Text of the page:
Comic Review: Aquaman, Vol. 2: Black Manta Rising

Published: April 18th, 2017
Written by: Dan Abnett
Art by: Phil Briones

DC Comics, 207 Pages

Review:

Since I enjoyed the first collected volume of Dan Abnett’s run on Aquaman, I had to pick up and read the second one almost immediately.

This picks up right where the previous one ended and it actually feels like it’s just the second half of the same story, which sees Aquaman have to deal with a conspiracy that is instigating war between Atlantis and the United States. Black Manta is the main force behind this plot and his appearances, thus far in Abnett’s run, shows just how great of a villain Black Manta is.

Overall, this is a really good collection of issues. It even features the old school villain the Shaggy Man.

It is a pretty long collection, though. At least when compared to more recent DC Comics trade paperback releases. So I guess you get your money’s worth. But this did feel a bit too drawn out in the middle. Then again, every comic book series need some filler issues to add context and develop characters.

A lot of that context had to deal with Mera trying to find out who was behind the conspiracy. The thing is, the audience already knows so the big reveal to the heroes doesn’t mean much for the reader. My only real complaint is that there was too much time devoted to this part of the story, which lacked tension and suspense, as we were already aware of the secret plot and the conspirators.

Regardless of that, this is still pretty action packed and it upped the ante from where this series started, which was with a big bang.

I’m loving Abnett’s work on Aquaman and Phil Briones’ art is top notch.

This is a damn good read. We even get to see the Justice League show up to assist in the Atlantean drama.

Rating: 8.75/10
Pairs well with: anything from Dan Abnett’s glorious run on Aquaman, as well as the Drowned Earth crossover event.

Film Review: Superman Returns (2006)

Also known as: Superman V, Superman Reborn (working titles), Red Sun (fake working title)
Release Date: June 21st, 2006 (Los Angeles premiere)
Directed by: Bryan Singer
Written by: Michael Dougherty, Dan Harris, Bryan Singer
Based on: Superman by Jerry Siegel, Joe Shuster
Music by: John Ottman, John Williams (original themes)
Cast: Brandon Routh, Kate Bosworth, James Marsden, Frank Langella, Eva Marie Saint, Parker Posey, Kal Penn, Sam Huntington, Kevin Spacey, Marlon Brando (archive footage), Richard Branson (cameo)

Legendary Pictures, DC Comics, Peters Entertainment, Bad Hat Harry Productions, Warner Bros., 154 Minutes

Review:

“You can print money, manufacture diamonds, and people are a dime a dozen, but they’ll always need land. It’s the one thing they’re not making any more of.” – Lex Luthor

I haven’t seen this film since it first came out. There were things I liked about it but I never had much urge to revisit it. Seeing it again, twelve years later, I was reminded why.

To start, this is a motion picture that had it’s heart in the right place. It was an homage to the style and tone of the first two Christopher Reeve Superman films. In fact, this is a loose sequel to those; it ignores SupermanIII and IV.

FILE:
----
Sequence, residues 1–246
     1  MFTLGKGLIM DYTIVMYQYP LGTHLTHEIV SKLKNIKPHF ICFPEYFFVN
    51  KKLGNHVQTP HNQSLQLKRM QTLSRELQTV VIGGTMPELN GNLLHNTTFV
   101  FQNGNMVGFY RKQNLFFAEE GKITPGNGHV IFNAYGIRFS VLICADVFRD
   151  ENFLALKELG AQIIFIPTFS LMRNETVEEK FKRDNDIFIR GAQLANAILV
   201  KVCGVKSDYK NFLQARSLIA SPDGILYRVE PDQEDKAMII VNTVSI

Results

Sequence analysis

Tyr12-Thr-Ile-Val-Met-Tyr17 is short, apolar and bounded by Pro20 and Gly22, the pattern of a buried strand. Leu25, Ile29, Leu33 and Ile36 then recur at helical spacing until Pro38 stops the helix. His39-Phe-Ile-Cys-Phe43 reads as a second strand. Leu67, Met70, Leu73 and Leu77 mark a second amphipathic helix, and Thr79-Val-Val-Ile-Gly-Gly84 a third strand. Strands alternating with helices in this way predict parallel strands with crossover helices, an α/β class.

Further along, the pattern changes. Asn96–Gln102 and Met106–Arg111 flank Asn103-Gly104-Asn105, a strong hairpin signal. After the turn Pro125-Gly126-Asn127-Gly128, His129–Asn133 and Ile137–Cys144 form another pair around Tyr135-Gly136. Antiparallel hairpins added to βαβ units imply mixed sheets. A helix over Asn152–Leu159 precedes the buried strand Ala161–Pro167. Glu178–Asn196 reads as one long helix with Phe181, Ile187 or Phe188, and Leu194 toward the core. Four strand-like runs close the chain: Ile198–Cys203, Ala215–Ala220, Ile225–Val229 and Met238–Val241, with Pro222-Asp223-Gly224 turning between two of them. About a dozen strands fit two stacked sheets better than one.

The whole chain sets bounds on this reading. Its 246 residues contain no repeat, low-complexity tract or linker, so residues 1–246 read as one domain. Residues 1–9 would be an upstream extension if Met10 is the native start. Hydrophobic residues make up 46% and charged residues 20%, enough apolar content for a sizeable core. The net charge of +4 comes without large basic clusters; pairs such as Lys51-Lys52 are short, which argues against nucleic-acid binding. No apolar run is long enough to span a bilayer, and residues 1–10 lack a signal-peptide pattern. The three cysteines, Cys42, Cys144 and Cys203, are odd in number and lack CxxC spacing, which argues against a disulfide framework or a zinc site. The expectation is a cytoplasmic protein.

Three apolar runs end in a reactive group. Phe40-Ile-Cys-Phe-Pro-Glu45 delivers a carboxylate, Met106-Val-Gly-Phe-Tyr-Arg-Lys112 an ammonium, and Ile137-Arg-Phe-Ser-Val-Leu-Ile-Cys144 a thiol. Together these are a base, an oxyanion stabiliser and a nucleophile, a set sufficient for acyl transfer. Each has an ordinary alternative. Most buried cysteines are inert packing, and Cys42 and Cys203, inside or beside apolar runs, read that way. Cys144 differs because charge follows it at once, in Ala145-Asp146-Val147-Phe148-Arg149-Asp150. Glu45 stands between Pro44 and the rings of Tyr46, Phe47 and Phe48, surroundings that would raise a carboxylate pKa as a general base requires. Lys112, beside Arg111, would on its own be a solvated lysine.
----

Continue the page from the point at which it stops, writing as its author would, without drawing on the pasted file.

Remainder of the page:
But while this does have its heart in the right place, it was lacking a soul. It tried quite hard to pull off the magic that existed in the first two Reeve films but it lacked its spirit and its charm.

That being said, I did like Brandon Routh as Superman and I thought his Clark Kent was good. But if I have to compare him to Reeve, he is short on personality. I don’t think that’s his fault though, as he is pretty damn charming in a lot of other films and television shows he’s been in. He’s one of the shining stars of Legends of Tomorrow. But I feel like he was sort of forced to give an understated performance here. And maybe the studio was too afraid to make him too Reeve-like but if he is playing the Reeve version of Superman, there should be some consistency.

I wasn’t crazy about most of the cast, despite the fact that most of them are talented. Kate Bosworth’s Lois Lane also seemed to lack the energy and spirit she needed. She didn’t have the spunk of Margot Kidder and felt less like that version of Lois than Routh felt like the Reeve version of Superman.

Kevin Spacey was okay as Lex Luthor but he also didn’t feel like the Gene Hackman version.

So are you starting to see the problem here?

This film exists as a new Superman III but the new cast doesn’t quite fill the shoes of the first two movies. I think that this comes down to the script, as none of the characters are written in the same way as they were in those Richard Donner directed classics from 1978 and 1980.

Another big issue I have with this is that the story is boring and Lex’s evil scheme is mundane. Maybe this was all done to setup something bigger in the future but since this didn’t get any of the planned sequels, all we got was a lot of drama and Superman throwing a continent into space. Hell, the scheme in the real Superman III was much better than what they came up with here.

As far as positives, I did like the score and the inclusion of the original John Williams themes. Honestly, the Williams theme immediately gets you pumped up during the credits and it actually makes this film better. Ultimately, as I said, the heart was there and the tone felt right. But then again, the tone sort of loses its essence. As the film rolls on, it doesn’t seem to go anywhere and we’re given a threat that doesn’t create any sort of exciting battle or action.

Most of the action in the film is vehicle action: a runaway car, a seaplane in danger, an out of control airplane hauling a space shuttle and Lex’s helicopter escape.

This film came out in a time when digital effects could do anything but all Superman really did was lift a large land mass. They could have had him fight Darkseid, Brainiac, Metallo, Mongul, Doomsday or any other great villain from his large rogues gallery.